Indian PM considers Commonwealth summit boycott

Manmohan Singh’s failure to attend the summit would be a huge blow to the credibility of the Commonwealth. Photograph: Philippe Lopez/AFP/Getty ImagesManmohan Singh, the Indian prime minister, has written to powerful politicians in the south of India to assure them he has yet to make a final decision on whether to travel to the controversial Commonwealth summitin Sri Lanka next month.

Observers say his most recent letter, the latest in a series, and the continuing delay indicates Singh is increasingly concerned by the domestic political cost of attending the Commonwealth heads of government meeting in Colombo and is genuinely considering a boycott.

However, a no show from the leader of the Commonwealth’s biggest member would be a huge blow to the credibility of the organisation.

It would also embarrass David Cameron, the UK prime minister, who has said that his presence in Sri Lanka next month is the "right decision" for the Commonwealth and will allow a "tough message" about its human rights record to be delivered personally to the Sri Lankan government

The Sri Lankan government’s bid to hold the CHOGM in 2011, two years after the bloody end of a 26-year civil war against Tamil separatists in the north, failed amid concerns over human rights in the country and charges of war crimes levelled at local armed forces.

In a report published earlier this week, a parliamentary committee accused the British government of timid and inconsistent policy towards Sri Lanka, where it says there are "continuing human rights abuses".

The UN has also been critical, particularly of a lack of effort towards "reconciliation" between the Sinhala majority and the country’s Tamils.

Sri Lankan officials deny the charges, which they say are exaggerated, unfounded and biased.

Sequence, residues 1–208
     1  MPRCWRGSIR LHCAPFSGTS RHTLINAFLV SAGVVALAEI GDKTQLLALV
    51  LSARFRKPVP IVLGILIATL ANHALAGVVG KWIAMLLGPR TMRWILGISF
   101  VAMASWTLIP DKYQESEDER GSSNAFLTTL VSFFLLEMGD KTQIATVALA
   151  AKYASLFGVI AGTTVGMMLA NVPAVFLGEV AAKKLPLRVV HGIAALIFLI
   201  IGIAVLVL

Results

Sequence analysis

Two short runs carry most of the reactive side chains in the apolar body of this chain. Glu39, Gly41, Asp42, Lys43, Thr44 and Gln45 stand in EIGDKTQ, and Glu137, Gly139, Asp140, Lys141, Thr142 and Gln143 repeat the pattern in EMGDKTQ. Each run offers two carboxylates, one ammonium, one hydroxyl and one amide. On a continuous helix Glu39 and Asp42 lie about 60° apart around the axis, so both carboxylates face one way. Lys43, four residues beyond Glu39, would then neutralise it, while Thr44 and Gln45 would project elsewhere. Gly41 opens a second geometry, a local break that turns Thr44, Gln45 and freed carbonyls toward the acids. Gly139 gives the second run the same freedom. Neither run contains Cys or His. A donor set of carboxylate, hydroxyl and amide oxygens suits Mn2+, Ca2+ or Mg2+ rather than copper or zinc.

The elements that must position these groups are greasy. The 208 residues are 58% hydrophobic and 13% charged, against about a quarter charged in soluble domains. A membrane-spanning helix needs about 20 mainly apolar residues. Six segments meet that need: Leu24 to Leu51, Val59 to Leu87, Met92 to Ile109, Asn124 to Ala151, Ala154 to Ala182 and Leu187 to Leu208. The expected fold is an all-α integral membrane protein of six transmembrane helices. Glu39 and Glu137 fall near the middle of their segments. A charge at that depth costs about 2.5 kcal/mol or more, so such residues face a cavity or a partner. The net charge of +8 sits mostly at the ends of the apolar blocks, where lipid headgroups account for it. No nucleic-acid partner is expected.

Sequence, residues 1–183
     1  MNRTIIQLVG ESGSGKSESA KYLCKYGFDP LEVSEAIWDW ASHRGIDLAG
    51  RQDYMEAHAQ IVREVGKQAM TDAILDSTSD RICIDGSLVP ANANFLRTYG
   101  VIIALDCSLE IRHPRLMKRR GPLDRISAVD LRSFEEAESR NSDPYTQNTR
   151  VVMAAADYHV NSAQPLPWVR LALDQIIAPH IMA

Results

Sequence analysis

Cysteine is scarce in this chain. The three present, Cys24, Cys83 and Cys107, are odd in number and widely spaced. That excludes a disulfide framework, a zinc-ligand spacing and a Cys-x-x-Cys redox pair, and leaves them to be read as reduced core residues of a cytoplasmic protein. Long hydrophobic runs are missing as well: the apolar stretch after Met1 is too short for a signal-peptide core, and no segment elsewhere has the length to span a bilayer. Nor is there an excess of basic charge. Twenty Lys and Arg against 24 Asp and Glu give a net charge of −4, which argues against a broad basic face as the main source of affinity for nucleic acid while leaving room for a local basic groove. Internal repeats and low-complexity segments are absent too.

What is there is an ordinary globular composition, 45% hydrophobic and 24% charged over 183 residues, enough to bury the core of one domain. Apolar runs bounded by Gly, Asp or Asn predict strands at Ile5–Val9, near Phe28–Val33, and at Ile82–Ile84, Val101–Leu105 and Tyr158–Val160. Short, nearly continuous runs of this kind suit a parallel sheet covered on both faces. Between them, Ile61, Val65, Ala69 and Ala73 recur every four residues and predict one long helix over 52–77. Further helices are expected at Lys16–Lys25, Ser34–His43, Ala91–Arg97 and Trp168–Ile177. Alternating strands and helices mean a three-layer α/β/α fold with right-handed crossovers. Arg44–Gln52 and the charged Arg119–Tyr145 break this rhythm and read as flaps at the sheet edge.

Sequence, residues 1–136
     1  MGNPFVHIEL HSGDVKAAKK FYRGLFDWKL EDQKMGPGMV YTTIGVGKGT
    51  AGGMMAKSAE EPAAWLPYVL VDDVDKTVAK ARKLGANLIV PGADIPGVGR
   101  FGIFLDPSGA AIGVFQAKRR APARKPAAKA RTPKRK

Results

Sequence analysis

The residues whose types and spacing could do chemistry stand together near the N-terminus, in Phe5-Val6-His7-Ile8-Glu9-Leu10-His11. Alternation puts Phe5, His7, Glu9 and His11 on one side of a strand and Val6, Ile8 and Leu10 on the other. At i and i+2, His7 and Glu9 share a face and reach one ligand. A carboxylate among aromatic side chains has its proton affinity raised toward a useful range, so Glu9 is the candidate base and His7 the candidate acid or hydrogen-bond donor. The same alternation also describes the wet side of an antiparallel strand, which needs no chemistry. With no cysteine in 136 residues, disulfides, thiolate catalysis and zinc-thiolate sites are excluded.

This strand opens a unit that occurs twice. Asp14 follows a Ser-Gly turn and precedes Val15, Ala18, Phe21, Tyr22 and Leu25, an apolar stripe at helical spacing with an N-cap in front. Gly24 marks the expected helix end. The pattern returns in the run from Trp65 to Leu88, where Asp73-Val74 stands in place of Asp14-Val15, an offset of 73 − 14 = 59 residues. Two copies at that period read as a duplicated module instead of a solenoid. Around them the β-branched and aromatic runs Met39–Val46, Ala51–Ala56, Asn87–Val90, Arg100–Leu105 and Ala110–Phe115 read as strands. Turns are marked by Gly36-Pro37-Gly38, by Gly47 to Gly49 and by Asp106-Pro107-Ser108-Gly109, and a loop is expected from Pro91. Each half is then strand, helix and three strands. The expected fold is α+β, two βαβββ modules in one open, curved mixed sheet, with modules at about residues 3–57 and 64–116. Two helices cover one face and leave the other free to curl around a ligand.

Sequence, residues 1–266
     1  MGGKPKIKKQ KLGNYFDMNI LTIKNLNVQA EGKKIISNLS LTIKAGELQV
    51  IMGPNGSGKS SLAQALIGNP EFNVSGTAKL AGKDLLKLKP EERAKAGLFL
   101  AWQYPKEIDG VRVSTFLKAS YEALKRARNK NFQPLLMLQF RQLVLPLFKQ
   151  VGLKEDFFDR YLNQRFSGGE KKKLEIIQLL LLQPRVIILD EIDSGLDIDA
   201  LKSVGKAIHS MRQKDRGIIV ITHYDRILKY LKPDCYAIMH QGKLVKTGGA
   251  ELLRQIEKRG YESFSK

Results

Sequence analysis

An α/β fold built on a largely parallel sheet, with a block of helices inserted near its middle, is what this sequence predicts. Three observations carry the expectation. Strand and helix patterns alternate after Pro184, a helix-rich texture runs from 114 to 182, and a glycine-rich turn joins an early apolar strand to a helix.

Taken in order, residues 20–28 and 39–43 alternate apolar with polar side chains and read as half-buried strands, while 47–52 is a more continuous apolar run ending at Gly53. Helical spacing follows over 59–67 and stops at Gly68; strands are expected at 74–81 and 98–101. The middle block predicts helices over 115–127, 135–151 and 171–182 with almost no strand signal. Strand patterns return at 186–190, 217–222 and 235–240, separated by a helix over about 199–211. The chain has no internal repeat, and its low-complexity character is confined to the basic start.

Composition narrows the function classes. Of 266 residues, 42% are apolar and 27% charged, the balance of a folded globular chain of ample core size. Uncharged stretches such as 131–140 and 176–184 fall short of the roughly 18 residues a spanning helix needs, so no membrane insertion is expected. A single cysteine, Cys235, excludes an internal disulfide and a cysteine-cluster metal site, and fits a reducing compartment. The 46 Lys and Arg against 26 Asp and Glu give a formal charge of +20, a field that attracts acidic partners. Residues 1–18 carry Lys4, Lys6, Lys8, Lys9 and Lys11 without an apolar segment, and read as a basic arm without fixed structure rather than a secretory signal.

So far, the Canadian prime minister, Stephen Harper, is the only head of government to say he will not attend the meeting, to be chaired by Prince Charles.

The issue poses a particular dilemma to the Indian government. Relations between India, a large but troubled country with a population of 1.25 billion, and Sri Lanka, which is a small middle-income country of 22 million, are complex and often tense.

Chinese influence has grown significantly in recent years and there are fears in Delhi that further deterioration would allow Beijing to make more inroads in the island nation.

The Commonwealth summit is also a useful opportunity for India in terms of top-level interaction with other developing world nations, particularly in Africa, former senior diplomats say.

However, with a tough election expected next spring, which is, at best, likely to lead to frantic coalition-building, alienating local voters or potential allies for Singh’s beleagured Congress party would be costly.

Powerbrokers in the southern state of Tamil Nadu, where voters are ethnically and linguistically close to Sri Lanka’s Tamil minority, have repeatedly pressured Singh to take a stronger stance against alleged "human rights violations" on the island nation.

In March, the Dravida Munnetra Kazhagam party (DMK) withdrew from the ruling coalition, led by Singh’s Congress party, in protest over Delhi’s supposed failure to toughen a UN resolution which encouraged Sri Lanka to investigate the war crimes charges.

Singh’s most recent letter to the DMK president, M Karunanidhi, is, however, non-committal, officials said, and merely explained that the prime minister’s decision on whether to travel to Colombo would be taken in "the best interests of the people of India and of Tamil Nadu".

Karunanidhi has previously said India "cannot have normal relations with a government that is insensitive to the demands of Sri Lankan Tamils".

Earlier this week, the Tamil Nadu chief minister, J Jayalalithaa, another potential electorical or coalition ally, wrote to Singh "to reiterate Tamil Nadu’s view that India should not participate in the CHOGM hosted by Sri Lanka at any level – titular, ministerial or official".

"Only such an action will convey India’s unequivocal stand that it will not tolerate the violation of human rights of the Sri Lankan Tamil minority," she told the prime minister.

Senior Sri Lankan officials told the Guardian earlier this week that "public lecturing" on human rights was unhelpful.

"We are asking people to remember we are a developing country and need time to get things right, in our own way," the official said.

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